The lake is fun to fish, because it is pretty easy to guess where the trout were hiding. Abrupt drop-offs and wood piles tend to be very productive. I cast for a while when we stopped for lunch, and then at several spots on the hike back (we headed overland to pick up a marked trail for the return trip). I’m sure I could have stayed longer and caught many more fish, but the third one I caught was a nice brookie and the lure nicked his gill rakers and that was the end of him. I quit at that point because I did not want to spoil any more of the resource.
We finally found the trail when were were just about giving up and I resorted to pulling out my GPS. We saw the trail only twelve feet away when some other hikers passed by going toward the lake.
The only downside of taking the trail back was that we lost too much altitude and had to hike uphill part of the way to return to our camp on Susie Lake. We enjoyed the rest of the afternoon admiring the view from there.
For our backpacking vacation this year, Cindy and I tackled the Desolation Wilderness southwest of Lake Tahoe. Thank heavens the forest fires were south and north of this area. Smoke from fires elsewhere in the state did sometimes obscure our views. In our travels to the trailhead and back, we got a little sense from the locals of the damage and devestation the fires are causing in California.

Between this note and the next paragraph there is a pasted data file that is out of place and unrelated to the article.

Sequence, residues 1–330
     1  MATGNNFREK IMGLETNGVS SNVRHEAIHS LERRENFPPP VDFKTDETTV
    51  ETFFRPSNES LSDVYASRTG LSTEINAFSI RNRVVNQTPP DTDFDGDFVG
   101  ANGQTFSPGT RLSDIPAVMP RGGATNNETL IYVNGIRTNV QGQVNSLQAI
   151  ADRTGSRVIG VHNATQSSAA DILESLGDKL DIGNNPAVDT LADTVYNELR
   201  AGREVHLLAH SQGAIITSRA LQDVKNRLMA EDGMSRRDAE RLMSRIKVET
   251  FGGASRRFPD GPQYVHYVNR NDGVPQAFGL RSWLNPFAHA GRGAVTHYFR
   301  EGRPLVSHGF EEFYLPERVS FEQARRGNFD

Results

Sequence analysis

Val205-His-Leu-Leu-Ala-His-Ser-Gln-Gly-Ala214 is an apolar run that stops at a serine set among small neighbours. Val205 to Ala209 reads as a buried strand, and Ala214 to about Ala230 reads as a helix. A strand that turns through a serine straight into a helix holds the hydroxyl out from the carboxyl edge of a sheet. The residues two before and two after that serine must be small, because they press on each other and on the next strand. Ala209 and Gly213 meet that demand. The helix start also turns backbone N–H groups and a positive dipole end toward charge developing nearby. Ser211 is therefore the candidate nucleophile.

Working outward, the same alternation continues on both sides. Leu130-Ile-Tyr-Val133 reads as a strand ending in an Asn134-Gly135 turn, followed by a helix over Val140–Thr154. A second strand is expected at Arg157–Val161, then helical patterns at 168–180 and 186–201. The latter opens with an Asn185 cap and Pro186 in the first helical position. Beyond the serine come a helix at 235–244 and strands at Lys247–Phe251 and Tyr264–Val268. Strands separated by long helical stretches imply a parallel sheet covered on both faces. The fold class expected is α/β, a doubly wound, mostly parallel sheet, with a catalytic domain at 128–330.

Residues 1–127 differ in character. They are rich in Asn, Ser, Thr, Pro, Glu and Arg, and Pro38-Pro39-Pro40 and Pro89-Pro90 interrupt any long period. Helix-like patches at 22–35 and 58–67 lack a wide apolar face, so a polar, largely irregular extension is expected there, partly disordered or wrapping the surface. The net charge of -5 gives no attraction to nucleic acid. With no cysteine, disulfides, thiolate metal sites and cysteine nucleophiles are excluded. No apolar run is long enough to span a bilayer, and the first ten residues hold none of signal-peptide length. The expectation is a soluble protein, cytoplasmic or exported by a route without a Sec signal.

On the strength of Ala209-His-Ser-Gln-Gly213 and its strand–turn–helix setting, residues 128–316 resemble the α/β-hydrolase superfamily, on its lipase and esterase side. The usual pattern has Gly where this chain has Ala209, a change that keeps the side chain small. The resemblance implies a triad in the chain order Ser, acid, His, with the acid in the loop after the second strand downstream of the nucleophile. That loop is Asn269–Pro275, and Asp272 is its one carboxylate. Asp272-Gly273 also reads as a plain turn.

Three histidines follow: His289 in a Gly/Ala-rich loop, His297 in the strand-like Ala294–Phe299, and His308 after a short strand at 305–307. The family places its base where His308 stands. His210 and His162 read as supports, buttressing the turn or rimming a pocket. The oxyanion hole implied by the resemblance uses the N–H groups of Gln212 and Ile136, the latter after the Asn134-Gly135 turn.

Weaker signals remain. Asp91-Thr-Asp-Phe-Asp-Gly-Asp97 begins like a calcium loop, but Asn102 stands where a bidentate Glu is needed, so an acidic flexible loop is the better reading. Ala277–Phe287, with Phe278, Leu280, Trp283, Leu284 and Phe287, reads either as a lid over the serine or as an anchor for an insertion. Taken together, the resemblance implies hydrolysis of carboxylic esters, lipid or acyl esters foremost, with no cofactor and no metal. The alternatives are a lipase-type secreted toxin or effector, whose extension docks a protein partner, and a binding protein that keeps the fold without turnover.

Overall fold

The permit system at Desolation works by allowing you to pick your first night’s camping zone. After that, you are allowed to camp just about anywhere in the park.
Our first night was on Susie Lake, and we snagged a beautiful site. We did see a few other hikers pass through the area, but we pretty much had the lake to ourselved for two days and two nights.
There was a rock outcropping near our tent that plunged into the lake, generating some deep water where there were a few nice brook trout circling.
I caught one the first night of camp. That trout was not messing around – he took the lure agressively like the predator he was. Even though the fish wasn’t huge, he did have a lot of fight and gave my pack rod a run for its money.
As is often the case with a challenging hike, we went to bed before it even got dark. When we did get up to make a trip to the woods in the middle of the night, the stars were unbelievable. I saw the andromeda galaxy with my unaided eyes, and spotted a meteor (possibly an early perseid).
I fell asleep feeling satisfied that I had caught a trout in Susie. During my last trip two years ago I was never able to do that.